Flowers can brighten up any yard, porch or patio and warm weather ushers in the desire to get outside and beautify outdoor spaces. There are several options when it comes to flowers that bloom all season and can be cut for vases or to simply encourage pollinators in your yard.
Where to plant
When choosing your planting location, think about whether you want to do an in-ground bed, pots or planters. Based on your location, you’ll want to determine how much sun the area gets and choose your flowers accordingly. Most flowers need full sun for at least four to six hours a day to flower well, but there are also shade-tolerant species.
What to plant
There are many options when it comes to flowers, but you also want to think about your reason for planting – do you want flowers that bloom all summer to beautify your landscape, do you want a cutting garden or do you want to focus on options that encourage the presence of native pollinators. Based on your desires for the flower garden, you can choose from a variety of flowers to bloom throughout the spring and summer.
Annuals (plants that must be replaced every year) quickly provide more color in the landscape for longer periods of time than other plants and are versatile, sturdy and inexpensive. Options include begonias, coleus, impatiens, marigolds, trailing petunias, vinca and zinnia, to name a few.
Choosing pollinator options will encourage the presence of native pollinators. Pollination is the movement of pollen from the male flower part (anther) to the female flower part (stigma) on the same plant or between two plants of the same species. Proper pollination is critical for the development of many fruits and crops. Approximately one-third of the food that ends up on a plate is there because of pollinators. When pollination is mentioned, most people think of honey bees but there are so many other insects that help get the job done such as native bees, beetles, flies, wasps and butterflies.
Many annuals also attract pollinators, so you can choose flower species to attract pollinators. Warm-season annuals for attracting pollinators include basil and zinnia, as well as spiderflower, cosmos, sunflower and Mexican sunflower. A complete list of annuals for a variety of planting conditions can be found on the HGIC website.
Cutting flowers from your garden encourages more blooms. If not cut, deadheading spent blooms from plants, such as zinnias and marigolds, will be necessary. If left on the plant, flower production slows, and seeds will begin to form.
Flower recommendations for a cutting garden: zinnias, globe amaranth and herbs – basil and mint.
How to plant
You can choose growing flowers from seed or purchasing ready-to-plant transplants from your local home and garden store.
If you go the seed route, flowers can be direct-seeded in prepared beds or pots. Most summer annuals can be seeded indoors six to eight weeks before the last frost, if you want to get started early. For ready-to-plant transplants, plant with the top of the roots just under the surface of the soil – be sure to remove paper, fiber and plastic pots before planting, and remove the upper edges of peat pots.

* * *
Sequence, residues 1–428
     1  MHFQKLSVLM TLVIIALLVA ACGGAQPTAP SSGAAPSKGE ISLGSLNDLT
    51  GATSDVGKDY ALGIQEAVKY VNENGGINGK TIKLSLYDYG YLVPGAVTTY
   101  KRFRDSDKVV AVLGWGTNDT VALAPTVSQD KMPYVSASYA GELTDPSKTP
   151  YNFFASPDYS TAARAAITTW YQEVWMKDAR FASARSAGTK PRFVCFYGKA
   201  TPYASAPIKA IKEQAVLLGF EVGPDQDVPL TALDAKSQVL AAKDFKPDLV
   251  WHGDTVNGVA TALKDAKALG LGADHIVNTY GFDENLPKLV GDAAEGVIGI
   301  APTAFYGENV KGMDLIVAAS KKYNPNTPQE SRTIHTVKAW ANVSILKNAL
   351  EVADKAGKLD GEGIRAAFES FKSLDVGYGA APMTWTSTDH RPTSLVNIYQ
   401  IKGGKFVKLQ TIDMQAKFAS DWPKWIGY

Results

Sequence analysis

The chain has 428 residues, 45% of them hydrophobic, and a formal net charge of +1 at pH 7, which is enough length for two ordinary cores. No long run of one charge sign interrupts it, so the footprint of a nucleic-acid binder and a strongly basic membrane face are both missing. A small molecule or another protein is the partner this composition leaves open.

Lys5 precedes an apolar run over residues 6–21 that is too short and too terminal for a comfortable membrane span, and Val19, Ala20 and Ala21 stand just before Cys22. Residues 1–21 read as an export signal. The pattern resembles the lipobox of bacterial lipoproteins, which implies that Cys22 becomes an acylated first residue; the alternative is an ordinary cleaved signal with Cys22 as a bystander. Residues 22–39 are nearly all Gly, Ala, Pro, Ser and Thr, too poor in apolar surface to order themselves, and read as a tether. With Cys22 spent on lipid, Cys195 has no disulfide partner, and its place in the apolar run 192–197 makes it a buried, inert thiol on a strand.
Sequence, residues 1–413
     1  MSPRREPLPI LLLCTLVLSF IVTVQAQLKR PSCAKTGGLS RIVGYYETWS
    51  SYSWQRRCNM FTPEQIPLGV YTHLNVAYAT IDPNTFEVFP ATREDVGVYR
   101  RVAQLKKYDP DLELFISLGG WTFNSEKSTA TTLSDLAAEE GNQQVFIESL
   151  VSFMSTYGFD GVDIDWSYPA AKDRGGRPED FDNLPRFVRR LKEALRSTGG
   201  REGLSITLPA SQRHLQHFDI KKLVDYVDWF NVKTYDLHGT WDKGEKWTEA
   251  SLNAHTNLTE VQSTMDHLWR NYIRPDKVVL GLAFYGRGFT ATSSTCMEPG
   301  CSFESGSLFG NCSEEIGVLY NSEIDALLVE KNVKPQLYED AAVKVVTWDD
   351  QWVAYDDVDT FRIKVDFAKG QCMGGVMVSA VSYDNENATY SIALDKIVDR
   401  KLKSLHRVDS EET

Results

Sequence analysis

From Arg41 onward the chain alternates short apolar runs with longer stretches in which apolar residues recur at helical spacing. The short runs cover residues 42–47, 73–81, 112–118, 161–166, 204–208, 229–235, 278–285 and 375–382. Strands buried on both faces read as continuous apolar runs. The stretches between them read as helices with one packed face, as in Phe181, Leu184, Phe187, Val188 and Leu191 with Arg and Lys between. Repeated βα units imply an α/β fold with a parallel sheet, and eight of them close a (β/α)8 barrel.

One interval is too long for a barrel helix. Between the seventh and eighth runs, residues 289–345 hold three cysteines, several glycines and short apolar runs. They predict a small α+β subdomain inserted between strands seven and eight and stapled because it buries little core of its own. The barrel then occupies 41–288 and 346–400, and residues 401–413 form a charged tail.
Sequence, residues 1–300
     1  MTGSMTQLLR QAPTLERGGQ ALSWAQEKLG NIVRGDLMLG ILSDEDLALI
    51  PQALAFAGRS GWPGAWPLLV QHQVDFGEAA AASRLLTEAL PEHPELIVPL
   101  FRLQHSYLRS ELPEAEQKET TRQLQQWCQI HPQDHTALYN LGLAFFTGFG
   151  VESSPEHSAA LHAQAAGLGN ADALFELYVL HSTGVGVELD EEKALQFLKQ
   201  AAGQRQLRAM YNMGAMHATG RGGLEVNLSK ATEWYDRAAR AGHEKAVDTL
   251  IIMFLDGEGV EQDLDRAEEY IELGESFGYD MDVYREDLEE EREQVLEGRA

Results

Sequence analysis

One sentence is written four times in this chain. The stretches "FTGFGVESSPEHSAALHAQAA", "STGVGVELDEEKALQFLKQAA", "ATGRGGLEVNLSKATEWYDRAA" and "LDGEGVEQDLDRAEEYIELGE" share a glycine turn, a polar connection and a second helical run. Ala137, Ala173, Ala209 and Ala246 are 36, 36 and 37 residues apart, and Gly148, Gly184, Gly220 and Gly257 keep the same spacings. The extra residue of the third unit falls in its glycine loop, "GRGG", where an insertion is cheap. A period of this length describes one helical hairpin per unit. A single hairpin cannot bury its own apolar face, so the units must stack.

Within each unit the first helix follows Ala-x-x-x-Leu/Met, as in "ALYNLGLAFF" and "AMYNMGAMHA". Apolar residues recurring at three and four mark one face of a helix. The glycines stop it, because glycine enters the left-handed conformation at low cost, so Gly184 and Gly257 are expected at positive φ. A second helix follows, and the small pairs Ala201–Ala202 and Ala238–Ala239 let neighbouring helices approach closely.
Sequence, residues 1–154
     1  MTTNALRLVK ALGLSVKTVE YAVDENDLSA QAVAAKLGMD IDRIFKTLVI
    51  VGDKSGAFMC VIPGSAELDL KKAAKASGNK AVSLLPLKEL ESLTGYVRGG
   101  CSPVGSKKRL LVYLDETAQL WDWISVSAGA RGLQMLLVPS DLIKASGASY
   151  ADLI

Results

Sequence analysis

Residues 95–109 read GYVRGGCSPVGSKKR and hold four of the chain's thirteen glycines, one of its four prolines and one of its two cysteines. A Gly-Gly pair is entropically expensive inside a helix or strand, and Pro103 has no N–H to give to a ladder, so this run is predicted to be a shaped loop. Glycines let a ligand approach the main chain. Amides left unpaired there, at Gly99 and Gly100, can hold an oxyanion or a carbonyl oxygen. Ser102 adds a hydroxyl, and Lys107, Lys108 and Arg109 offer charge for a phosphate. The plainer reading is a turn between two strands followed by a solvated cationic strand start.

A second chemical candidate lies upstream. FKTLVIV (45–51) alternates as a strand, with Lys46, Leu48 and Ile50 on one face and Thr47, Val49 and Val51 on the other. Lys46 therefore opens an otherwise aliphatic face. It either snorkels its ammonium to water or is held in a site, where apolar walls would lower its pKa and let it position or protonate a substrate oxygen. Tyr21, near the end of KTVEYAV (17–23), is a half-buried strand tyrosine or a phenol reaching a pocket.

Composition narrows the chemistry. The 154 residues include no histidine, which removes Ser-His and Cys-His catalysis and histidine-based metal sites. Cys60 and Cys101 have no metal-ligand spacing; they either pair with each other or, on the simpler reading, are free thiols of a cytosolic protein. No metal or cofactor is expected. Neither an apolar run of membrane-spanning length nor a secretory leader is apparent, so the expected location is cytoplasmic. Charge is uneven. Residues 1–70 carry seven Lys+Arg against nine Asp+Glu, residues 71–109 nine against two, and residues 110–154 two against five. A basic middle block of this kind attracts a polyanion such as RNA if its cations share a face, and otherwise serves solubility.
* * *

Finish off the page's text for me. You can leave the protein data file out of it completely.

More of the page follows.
Once planting, or transplanting, is complete, water the plants thoroughly. Pay especially close attention to watering the first few weeks while plants develop their root systems. Adequate moisture is essential for the growth of flowering annuals. Most annuals need at least 1 to 1½ inches of water per week from rain or irrigation. More may be needed during very hot weather.
To promote deep root growth, water thoroughly and deeply. Allow the soil surface to dry before watering again. Soaker hoses and drip irrigation are ideal watering methods since they save water and avoid wetting leaves and flowers.
Spring and summer maintenance
Weed control should usually be done by hand-weeding or with the careful use of herbicides. Read and follow label directions before using any herbicide. Do not apply pre-emergence herbicides around newly planted annuals, as these products will stop root growth.
Remove faded flowers before seeds are formed, a practice called deadheading, to keep plants looking attractive and encourage continuous flowering. Heavy pruning can invigorate some species. For instance, petunias can be cut back in midsummer to within a few inches of the ground, fertilized and heavily watered, and they will be full and attractive again in just a few weeks.
For more information and resources on flower gardening, visit the Clemson University Home and Garden Information Center.
Mulch flower beds with 2-3-inches of pine bark or pine straw to help conserve soil moisture and reduce weed growth. Mulches shade weed seeds and prevent their germination, eliminating or reducing the need for hand or chemical weed control.
Do not apply pre-emergence herbicides onto the soil immediately after planting. These herbicides work by stopping root development and are likely to harm the new transplants. However, these pre-emergence herbicides may be applied around established (well-rooted) annuals to prevent weed seeds from germinating.
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